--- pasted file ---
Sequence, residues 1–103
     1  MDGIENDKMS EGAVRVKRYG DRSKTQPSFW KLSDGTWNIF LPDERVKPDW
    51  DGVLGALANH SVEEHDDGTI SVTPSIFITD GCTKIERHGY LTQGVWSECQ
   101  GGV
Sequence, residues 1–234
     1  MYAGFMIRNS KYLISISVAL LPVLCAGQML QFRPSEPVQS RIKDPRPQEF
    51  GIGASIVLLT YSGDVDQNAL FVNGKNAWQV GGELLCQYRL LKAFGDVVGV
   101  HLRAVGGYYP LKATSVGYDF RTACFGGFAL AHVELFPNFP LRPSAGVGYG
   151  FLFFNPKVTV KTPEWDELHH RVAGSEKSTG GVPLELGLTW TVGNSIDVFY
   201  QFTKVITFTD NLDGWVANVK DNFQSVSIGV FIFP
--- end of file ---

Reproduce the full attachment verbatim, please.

Sequence, residues 1–103
     1  MDGIENDKMS EGAVRVKRYG DRSKTQPSFW KLSDGTWNIF LPDERVKPDW
    51  DGVLGALANH SVEEHDDGTI SVTPSIFITD GCTKIERHGY LTQGVWSECQ
   101  GGV
Sequence, residues 1–234
     1  MYAGFMIRNS KYLISISVAL LPVLCAGQML QFRPSEPVQS RIKDPRPQEF
    51  GIGASIVLLT YSGDVDQNAL FVNGKNAWQV GGELLCQYRL LKAFGDVVGV
   101  HLRAVGGYYP LKATSVGYDF RTACFGGFAL AHVELFPNFP LRPSAGVGYG
   151  FLFFNPKVTV KTPEWDELHH RVAGSEKSTG GVPLELGLTW TVGNSIDVFY
   201  QFTKVITFTD NLDGWVANVK DNFQSVSIGV FIFP